The man behind a letter asking hundreds of recipients to try the drug P has defended the stunt, saying it was designed to shock people into action.
Marco Marinkovich, executive director of agency CreativeBank, which sent the letter, said it "backfired" on seven or eight but had a "huge positive impact on the rest".
"What I wanted was for people to experience the initial shock of going 'What the hell is this'?" he said. "I was emailed by a number of clients saying 'Thanks very much I will raise it with my kids over Christmas' and stuff like that."
He said about 25 companies had responded, asking how they could help.
"It's such a new area nobody knows how to deal with it. Nobody knows the right education and what to do."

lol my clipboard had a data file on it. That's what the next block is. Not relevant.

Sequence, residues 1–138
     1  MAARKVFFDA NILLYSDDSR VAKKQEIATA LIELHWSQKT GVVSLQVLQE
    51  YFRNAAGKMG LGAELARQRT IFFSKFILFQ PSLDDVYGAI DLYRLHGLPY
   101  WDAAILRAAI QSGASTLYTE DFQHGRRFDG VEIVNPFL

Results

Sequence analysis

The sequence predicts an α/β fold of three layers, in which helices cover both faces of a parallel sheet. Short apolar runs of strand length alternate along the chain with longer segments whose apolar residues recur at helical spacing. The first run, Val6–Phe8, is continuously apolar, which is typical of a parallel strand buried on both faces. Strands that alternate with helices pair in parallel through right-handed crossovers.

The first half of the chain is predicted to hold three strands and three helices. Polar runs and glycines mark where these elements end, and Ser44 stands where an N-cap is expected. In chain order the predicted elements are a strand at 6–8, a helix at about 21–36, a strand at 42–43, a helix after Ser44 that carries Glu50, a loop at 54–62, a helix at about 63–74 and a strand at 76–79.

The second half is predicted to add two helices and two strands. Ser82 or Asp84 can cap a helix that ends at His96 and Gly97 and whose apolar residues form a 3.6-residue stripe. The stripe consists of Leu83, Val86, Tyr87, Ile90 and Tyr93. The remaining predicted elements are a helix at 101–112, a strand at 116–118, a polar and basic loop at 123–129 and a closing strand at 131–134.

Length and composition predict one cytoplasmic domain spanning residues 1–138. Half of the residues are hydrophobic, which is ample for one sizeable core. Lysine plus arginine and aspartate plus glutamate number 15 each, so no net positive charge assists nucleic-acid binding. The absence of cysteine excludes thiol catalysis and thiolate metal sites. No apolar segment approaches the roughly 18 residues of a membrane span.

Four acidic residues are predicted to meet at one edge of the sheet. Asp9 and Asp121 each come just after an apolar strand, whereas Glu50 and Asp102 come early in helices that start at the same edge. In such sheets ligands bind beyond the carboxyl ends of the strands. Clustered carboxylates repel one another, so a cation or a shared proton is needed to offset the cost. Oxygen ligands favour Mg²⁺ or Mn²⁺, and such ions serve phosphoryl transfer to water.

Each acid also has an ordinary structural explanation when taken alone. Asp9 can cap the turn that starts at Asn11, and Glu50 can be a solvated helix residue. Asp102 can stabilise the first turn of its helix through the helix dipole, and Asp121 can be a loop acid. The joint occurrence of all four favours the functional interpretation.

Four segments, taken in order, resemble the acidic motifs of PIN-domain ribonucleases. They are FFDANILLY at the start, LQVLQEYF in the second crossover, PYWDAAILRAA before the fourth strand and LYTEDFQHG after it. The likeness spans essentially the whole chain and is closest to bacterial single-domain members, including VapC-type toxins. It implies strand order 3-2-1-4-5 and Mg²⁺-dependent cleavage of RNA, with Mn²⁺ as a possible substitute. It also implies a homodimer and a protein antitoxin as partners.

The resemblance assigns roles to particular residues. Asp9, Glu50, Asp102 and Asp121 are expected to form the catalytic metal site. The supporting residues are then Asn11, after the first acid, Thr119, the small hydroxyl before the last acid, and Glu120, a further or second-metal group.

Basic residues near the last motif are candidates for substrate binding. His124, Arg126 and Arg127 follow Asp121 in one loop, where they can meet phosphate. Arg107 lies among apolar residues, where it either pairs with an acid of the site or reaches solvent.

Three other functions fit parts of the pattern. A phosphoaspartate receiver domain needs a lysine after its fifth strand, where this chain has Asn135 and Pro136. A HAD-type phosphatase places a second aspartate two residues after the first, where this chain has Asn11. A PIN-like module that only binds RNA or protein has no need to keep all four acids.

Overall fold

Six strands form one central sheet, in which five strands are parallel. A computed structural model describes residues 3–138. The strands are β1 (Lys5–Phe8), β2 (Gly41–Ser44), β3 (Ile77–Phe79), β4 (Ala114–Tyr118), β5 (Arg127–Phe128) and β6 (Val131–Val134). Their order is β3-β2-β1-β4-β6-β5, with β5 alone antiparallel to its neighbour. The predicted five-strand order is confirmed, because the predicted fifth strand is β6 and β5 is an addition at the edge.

One recipient contacted the Herald "disgusted" at the prank and said he would no longer work with CreativeBank.
Each purposely misspelled letter contained a little bag of rock salt and said: "Don't know if u ever tried P before but lots of kiwis have and they cant get enough of it. its such awesomely mindblowing stuff." It then invited the reader to log onto their own private section of a P Free NZ website.
Mr Marinkovich gave the Herald a dummy login name, revealing a personalised page with a letter warning of the dangers of the drug, a video clip with graphic images played to an addict's poem and other facts.
The letter began: "The little bag of crystals you've been holding is rock salt, not P. But when a bag of P as small as this can sell for around $1000, it's easy to see why a drug so addictive causes so much violence and crime. Sadly, for many kids, this drug will see they get quite the wrong kind of 'Christmas bash'."
The Christmas letters were sent in support of the Stellar Trust's anti-P campaign, which Mr Marinkovich said he helped kick off.